January starts with wolf supermoon, ends with supermoon lunar eclipse

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It's called the wolf moon, because at this time of year hungry wolf packs would howl outside Native American villages during the chilly peak of winter, according to the Farmer's Almanac. On the night of January 30th, a blue moon will rise for much of the world, reaching fullness at approximately 8:27am EST on January 31st. A supermoon occurs when the moon becomes full on the same day that it reaches its perigree, the point in the moon's elliptical orbit when it is closest to Earth.

It may seem like the 31st's moon is the lunar spectacle to keep your eyes on, but don't forget about the one on New Year's Day - it could be a great way to commemorate the start of 2018. The moon will be 223,068 miles, 358,994 in km from Earth. The flawless time to encounter the Full Moon Supermoon is after moonrise when it is just above the skyline. Really, this is the astrological event that is a true must-see in January. The final installment of the supermoon series will kick off on January 31, which will be "extra special", NASA says.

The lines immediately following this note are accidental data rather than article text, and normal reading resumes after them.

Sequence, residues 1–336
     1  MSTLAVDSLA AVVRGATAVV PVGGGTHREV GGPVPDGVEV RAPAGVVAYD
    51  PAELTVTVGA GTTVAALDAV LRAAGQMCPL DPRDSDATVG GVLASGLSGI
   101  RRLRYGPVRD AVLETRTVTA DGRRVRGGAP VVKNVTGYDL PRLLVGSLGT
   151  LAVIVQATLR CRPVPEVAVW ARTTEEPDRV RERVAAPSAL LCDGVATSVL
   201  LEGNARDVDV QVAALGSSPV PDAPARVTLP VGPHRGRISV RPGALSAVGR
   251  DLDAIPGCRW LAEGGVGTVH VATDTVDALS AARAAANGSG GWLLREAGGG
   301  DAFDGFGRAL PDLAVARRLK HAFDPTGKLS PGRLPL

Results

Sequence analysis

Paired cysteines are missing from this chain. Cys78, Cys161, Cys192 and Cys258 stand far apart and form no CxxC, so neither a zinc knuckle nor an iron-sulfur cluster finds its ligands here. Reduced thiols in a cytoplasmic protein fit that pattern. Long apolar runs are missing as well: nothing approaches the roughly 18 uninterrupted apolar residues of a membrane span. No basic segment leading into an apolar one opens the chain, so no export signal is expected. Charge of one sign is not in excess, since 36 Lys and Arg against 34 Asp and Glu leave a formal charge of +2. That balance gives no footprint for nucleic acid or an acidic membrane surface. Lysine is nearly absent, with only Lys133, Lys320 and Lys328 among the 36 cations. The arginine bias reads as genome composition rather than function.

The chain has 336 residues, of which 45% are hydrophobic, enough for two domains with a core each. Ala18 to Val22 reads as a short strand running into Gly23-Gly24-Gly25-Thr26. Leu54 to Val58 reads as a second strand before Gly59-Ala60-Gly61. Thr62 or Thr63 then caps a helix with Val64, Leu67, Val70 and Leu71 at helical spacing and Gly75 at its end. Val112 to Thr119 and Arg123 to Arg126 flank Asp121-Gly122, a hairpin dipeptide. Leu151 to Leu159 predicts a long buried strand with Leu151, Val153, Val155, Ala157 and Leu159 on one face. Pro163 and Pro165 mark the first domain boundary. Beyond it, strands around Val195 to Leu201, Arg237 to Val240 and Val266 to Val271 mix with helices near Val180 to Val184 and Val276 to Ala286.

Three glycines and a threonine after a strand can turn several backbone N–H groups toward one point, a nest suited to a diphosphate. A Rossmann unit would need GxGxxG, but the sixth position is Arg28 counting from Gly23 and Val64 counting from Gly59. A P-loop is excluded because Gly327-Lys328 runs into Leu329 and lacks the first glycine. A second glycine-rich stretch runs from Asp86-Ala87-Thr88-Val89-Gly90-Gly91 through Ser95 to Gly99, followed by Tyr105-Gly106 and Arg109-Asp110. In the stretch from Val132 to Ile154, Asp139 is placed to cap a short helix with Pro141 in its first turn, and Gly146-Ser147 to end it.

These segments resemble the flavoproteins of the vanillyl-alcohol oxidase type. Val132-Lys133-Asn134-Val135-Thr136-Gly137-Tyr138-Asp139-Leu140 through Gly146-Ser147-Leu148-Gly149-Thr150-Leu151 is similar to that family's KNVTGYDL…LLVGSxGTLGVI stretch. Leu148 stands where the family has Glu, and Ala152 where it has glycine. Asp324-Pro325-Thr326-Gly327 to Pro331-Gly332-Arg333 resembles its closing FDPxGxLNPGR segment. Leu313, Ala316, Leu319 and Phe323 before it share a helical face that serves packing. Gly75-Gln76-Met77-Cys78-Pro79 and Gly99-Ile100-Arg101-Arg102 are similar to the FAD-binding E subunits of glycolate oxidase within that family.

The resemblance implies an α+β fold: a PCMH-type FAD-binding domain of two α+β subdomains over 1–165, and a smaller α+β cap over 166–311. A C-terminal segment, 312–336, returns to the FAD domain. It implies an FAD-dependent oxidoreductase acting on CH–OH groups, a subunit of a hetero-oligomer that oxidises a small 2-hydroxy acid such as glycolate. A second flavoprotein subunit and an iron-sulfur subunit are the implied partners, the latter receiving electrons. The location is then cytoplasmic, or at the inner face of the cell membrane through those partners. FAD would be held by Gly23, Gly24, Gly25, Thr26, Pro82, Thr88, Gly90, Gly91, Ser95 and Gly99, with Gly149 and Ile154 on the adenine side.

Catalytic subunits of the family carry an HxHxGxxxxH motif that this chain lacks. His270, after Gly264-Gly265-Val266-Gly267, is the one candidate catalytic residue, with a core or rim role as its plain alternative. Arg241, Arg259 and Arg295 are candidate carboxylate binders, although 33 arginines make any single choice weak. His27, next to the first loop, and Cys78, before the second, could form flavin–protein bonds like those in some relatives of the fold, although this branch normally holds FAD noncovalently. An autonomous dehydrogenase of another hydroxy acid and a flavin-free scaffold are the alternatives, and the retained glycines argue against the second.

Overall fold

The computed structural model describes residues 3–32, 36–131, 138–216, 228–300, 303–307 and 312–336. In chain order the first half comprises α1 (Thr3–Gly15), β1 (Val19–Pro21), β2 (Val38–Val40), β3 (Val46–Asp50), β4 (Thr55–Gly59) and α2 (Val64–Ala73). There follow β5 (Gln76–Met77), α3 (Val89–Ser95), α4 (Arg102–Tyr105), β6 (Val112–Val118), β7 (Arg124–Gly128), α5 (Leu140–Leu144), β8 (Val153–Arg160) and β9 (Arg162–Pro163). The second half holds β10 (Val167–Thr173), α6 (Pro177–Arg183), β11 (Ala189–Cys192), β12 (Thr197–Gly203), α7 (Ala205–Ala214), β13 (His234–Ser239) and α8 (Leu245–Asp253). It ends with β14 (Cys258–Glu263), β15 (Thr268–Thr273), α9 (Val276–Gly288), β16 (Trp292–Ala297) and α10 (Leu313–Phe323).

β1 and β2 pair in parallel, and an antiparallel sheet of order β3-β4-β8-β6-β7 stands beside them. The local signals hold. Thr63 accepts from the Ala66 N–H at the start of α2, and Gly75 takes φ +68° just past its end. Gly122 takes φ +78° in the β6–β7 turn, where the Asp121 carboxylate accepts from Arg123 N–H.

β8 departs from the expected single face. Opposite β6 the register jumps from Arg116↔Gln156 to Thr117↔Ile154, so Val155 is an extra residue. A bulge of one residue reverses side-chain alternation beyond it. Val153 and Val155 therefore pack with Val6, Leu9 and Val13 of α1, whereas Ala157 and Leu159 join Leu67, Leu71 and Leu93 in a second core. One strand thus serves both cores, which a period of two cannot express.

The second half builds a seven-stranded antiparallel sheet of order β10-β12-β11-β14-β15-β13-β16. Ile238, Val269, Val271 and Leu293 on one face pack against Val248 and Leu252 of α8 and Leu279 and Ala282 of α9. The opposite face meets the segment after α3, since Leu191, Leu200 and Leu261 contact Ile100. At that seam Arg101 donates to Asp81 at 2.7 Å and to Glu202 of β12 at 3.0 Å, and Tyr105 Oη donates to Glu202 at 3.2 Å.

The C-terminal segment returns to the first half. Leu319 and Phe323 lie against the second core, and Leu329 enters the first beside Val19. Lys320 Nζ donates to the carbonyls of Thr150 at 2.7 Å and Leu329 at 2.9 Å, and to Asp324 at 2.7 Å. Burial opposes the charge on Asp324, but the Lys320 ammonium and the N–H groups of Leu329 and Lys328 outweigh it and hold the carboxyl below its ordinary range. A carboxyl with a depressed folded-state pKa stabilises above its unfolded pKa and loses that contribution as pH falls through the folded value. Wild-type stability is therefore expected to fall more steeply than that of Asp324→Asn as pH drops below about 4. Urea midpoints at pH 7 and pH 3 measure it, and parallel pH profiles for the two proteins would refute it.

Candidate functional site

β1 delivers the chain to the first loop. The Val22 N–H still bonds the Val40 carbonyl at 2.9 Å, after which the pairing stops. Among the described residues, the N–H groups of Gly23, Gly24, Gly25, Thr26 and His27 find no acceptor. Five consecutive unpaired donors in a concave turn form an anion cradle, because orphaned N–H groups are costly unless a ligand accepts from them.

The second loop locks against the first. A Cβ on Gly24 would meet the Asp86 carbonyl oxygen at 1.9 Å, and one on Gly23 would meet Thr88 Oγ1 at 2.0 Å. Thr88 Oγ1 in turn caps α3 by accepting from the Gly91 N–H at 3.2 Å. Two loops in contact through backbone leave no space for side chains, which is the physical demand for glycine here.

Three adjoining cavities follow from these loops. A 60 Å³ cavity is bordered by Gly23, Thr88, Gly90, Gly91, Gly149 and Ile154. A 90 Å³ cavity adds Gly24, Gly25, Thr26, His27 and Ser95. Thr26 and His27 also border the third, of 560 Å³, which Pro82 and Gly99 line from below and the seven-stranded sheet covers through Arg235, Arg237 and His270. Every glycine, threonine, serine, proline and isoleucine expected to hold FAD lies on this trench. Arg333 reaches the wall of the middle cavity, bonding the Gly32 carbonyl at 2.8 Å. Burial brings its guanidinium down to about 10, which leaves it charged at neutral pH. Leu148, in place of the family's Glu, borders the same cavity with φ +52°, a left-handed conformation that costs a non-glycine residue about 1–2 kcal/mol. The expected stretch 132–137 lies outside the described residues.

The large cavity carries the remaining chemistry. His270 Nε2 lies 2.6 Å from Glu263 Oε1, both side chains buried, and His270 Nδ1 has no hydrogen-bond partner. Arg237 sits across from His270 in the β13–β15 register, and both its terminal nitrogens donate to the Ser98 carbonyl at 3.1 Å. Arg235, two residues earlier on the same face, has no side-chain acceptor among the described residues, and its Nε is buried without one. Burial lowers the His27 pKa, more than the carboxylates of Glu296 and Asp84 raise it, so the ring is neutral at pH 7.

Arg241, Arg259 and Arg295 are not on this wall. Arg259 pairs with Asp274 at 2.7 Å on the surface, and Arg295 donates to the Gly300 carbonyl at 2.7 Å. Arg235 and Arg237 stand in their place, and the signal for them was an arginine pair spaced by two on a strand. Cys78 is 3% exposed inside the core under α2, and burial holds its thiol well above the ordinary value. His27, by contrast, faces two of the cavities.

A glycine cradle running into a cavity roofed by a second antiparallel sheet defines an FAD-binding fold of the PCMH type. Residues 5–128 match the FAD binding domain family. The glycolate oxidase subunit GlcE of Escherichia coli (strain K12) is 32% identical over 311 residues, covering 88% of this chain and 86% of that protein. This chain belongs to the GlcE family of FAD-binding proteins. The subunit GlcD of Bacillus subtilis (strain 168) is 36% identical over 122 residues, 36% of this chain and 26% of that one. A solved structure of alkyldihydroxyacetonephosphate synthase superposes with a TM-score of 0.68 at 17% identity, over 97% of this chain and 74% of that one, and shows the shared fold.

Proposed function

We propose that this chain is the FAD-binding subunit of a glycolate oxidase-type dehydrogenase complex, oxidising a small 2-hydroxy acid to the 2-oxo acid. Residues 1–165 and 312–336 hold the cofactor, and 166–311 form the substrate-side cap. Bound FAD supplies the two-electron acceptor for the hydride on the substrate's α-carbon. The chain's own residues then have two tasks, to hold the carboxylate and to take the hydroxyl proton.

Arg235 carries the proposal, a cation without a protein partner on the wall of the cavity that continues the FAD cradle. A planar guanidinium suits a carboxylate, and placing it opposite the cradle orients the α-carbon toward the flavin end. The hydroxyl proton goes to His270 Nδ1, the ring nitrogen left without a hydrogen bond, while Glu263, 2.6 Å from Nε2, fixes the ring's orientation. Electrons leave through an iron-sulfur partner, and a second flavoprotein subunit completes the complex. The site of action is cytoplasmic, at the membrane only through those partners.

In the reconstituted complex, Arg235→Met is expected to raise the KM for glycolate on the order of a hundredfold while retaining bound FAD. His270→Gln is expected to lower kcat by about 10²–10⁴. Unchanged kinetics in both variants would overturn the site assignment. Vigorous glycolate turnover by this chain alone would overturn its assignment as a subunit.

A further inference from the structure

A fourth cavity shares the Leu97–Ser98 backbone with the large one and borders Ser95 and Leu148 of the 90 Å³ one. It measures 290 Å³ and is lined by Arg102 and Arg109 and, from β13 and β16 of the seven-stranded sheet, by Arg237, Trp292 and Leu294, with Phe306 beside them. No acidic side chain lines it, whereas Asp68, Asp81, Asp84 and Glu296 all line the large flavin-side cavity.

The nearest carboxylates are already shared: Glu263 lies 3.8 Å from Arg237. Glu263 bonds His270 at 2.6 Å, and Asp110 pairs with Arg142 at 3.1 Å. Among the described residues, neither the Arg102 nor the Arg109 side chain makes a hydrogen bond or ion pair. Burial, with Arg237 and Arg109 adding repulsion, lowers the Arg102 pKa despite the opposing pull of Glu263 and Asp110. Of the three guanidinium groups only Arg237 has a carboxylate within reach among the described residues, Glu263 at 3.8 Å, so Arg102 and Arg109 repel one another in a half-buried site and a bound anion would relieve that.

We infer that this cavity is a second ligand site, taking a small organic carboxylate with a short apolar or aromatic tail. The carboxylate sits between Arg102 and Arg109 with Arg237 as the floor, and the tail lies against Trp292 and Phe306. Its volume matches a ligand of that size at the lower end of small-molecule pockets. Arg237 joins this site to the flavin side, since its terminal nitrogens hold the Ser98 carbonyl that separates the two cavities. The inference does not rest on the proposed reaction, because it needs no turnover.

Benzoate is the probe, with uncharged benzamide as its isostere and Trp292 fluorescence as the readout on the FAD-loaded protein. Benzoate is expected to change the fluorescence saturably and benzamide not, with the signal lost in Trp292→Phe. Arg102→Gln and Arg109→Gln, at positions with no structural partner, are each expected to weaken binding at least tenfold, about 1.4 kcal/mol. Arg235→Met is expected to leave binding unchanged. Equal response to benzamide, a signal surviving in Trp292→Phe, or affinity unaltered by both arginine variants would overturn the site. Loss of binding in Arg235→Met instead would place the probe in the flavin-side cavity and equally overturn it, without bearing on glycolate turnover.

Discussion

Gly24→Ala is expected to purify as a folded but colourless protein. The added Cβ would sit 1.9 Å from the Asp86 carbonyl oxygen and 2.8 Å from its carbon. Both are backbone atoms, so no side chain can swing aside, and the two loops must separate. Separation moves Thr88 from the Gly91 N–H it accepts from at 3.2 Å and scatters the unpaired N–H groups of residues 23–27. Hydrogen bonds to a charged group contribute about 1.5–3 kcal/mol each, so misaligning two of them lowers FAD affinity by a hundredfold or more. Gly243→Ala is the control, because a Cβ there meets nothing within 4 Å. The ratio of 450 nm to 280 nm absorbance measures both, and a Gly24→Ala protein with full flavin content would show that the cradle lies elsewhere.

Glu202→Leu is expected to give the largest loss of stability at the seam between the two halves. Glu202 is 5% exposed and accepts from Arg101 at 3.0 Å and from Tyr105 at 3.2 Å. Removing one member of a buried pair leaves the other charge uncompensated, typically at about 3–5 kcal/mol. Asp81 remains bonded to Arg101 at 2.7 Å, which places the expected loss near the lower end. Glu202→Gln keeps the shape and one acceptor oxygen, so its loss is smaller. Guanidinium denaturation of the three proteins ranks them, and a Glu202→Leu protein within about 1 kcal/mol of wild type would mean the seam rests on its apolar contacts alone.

The supermoon 2018 is expected to occur on January 1, coinciding with New Year's Day.

It's almost impossible to compare the apparent size of the supermoon with a micromoon from memory, but when seen side-by-side as in this graphic, it becomes clear.

The second of a "supermoon trilogy" that began with a supermoon at this beginning of this month, the New Year's supermoon should look about 14% bigger and 30% brighter than usual, the space agency reports.

NASA forecasts yet another supermoon on January 31 which will also feature a total lunar eclipse.

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Supermoons occur due to the fact that the moon is in a slightly elliptical orbit with Earth, rather than a flawless circle. A blue moon is the term given to a full moon that occurs twice in the same month and only happens about once every two-and-a-half to three years, though it typically doesn't actually look any different than any other full moon.

So the moon won't be as bright, but it will "take on an eerie, fainter-than-normal glow", NASA says, and could take on a "reddish hue".

For January 31, 2018, you'll have to be up early here in Columbus to see the partial lunar eclipse.

"The lunar eclipse on January 31 will be visible during moonset", Noah Petro of NASA's Goddard Space Flight Center explained in a news release.

And these occasions all serve to remind us of one good thing, according to Petro.

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